We’ve heard the term ‘supercycle’ being tossed around a lot as of late. In the commodities industry, it’s generally being considered more and more likely that we find ourselves on the cusp of a commodities supercycle. But what does this actually mean? This article explores the definition and history of supercycles and what we can expect from this latest, upcoming one.
When the pandemic first hit, demand for metals and raw materials of all kinds plummeted. Projects that were underway grinded to a halt. Now, with the economy opening back up again across the world, demand for these materials is steadily creeping back up. Furthermore, large, expensive infrastructure projects are in the planning stages in countries like China and the United States. This is all contributing to the advent of a new commodities supercycle.
What is a supercycle?
There is no agreed definition of a supercycle, but there are a few defining characteristics. A supercycle is a prolonged period of high prices that rises above the long-term trend. How high these prices go isn’t necessarily stipulated, but a common benchmark is triple of normal rates. Some say that a supercycle lasts between 10 and 35 years, but others say a minimum of 5. Either way, during a supercycle, suppliers usually struggle to match demand.
There have been four recorded instances of sustained periods of such growth in history. The last one, well-documented, was the rapid industrialization of China in the early 2000s. That period in time saw the country invest in national projects which sent demand for raw materials skyrocketing.
The post-coronavirus supercycle of 2021
The COVID-19 pandemic has ushered in this new era of commodity-intensive growth. Governments are now placing greater emphasis on the creation of jobs, as well as environmental sustainability. This contrasts with the last time we left a global financial crisis, in 2009, when recovery focused exclusively on financial stability.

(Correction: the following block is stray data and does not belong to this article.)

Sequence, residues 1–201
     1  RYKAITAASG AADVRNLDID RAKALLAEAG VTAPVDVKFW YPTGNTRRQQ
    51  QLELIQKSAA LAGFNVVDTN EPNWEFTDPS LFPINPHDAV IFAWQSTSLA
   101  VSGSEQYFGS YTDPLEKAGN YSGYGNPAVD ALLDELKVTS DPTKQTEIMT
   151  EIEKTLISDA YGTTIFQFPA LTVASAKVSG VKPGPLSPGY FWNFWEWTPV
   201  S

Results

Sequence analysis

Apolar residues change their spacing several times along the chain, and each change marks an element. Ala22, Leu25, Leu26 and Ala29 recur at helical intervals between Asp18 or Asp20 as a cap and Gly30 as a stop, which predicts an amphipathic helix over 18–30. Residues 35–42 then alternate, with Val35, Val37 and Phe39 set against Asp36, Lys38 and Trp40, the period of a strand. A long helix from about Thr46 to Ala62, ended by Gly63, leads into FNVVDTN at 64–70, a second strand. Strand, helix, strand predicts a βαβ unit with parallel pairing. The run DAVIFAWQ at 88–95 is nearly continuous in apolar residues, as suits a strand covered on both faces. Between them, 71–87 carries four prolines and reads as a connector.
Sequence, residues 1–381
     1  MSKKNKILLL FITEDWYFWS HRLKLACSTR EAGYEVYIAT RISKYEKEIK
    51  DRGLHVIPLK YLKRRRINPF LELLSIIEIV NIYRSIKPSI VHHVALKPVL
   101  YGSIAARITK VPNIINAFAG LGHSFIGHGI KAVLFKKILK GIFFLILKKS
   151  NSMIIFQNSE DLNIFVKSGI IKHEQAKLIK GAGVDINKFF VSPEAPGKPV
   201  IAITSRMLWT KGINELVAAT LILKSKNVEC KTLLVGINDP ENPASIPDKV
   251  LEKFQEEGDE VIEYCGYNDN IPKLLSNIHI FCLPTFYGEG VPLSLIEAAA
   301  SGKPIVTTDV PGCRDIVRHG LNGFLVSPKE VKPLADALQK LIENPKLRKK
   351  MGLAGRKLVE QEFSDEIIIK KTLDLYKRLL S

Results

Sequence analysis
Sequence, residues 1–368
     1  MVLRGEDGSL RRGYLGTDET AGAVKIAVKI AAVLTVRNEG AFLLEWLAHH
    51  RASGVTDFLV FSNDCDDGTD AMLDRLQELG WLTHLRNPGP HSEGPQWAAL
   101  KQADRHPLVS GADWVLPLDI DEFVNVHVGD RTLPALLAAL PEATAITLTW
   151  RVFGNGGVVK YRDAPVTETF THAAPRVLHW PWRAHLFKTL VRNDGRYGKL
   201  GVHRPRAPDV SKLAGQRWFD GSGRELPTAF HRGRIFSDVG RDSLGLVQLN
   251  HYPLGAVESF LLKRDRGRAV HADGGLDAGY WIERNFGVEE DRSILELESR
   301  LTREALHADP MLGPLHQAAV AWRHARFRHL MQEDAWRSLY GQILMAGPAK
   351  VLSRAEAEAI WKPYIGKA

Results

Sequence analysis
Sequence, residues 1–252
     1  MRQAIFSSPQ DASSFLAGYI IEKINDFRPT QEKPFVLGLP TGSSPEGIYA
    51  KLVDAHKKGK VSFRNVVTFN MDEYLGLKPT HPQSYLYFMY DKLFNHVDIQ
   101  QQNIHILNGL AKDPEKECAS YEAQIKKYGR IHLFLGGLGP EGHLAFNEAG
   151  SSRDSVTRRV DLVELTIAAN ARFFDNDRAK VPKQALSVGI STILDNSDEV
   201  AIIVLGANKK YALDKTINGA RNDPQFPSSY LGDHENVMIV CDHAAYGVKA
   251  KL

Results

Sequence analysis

Metals and certain agricultural commodities (namely soybean and corn) jumped in May, continuing the steady uptick in commodities that has been occurring since February of this year. Iron core hit record highs last month as well. There are a number of contributing factors to this. The biggest one is the post-pandemic economic recovery in Europe, but we’re also seeing strong Chinese demand for such commodities. All of this is to be expected considering the number of revitalized projects that were placed on hold during 2020.
But this supercycle is also marked by a huge shift towards renewables and ‘green metals.’ According to Tal Lomnitzer from Janus Henderson, “We see potential for a multi-decade commodity cycle ahead driven by decarbonisation of the global economy and shift to cleaner energy.” Indeed, it does seem like we can expect demand for green metals to soar, but supply is already constrained. Demand is set to accelerate even further as the world shifts towards more sustainable energy solutions. For example, decarbonizing initiatives such as electric vehicles require copious amounts of copper. Aluminium is also set to do well here. According to the International Energy Agency, in order to achieve net zero emissions by 2050, the market size of several minerals like copper, cobalt, and manganese will have to grow sevenfold.
Will it last?
Some are denying whether or not we actually are on the brink of a supercycle, or whether this is simply a commodities ‘boom’. At the very end of May, hedge fund bets began to fall. Demand for natural gas has plateaued slightly as the weather in the U.S. has proven profitable for crops. Additionally, oil markets are readying themselves for larger supplies. This indicates that for some commodities at least, growth is beginning to slow. However, green metals do not currently show any signs of slowing. Whether or not the commodities ‘boom’ will indeed develop into a supercycle remains to be seen, but as it currently stands, it looks like a resounding yes.
by Brad Knoxview my profile